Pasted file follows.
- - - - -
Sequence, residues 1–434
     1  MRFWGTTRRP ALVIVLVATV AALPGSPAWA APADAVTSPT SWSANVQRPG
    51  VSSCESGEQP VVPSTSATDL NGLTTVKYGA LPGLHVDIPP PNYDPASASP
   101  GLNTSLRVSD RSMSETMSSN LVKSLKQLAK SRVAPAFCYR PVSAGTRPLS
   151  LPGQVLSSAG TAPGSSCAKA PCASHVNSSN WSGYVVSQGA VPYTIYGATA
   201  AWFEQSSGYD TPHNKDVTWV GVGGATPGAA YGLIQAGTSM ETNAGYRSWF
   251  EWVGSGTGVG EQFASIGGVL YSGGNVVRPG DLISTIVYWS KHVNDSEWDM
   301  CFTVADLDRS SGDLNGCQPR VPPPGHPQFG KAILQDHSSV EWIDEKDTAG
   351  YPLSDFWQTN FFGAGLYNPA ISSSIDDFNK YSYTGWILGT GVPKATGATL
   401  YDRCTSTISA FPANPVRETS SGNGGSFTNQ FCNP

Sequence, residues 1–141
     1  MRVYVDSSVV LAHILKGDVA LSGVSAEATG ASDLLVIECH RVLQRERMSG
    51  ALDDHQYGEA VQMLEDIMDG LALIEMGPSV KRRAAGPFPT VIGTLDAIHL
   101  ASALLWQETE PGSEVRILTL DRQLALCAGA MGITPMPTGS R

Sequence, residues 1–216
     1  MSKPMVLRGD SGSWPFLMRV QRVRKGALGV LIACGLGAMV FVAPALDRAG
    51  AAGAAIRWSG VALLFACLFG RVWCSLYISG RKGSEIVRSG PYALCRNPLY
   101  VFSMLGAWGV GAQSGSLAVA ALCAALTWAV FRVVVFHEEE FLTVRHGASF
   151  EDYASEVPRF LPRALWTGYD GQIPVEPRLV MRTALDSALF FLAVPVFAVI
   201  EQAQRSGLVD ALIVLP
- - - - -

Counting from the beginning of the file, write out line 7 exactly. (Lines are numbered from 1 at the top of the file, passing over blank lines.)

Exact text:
   251  EWVGSGTGVG EQFASIGGVL YSGGNVVRPG DLISTIVYWS KHVNDSEWDM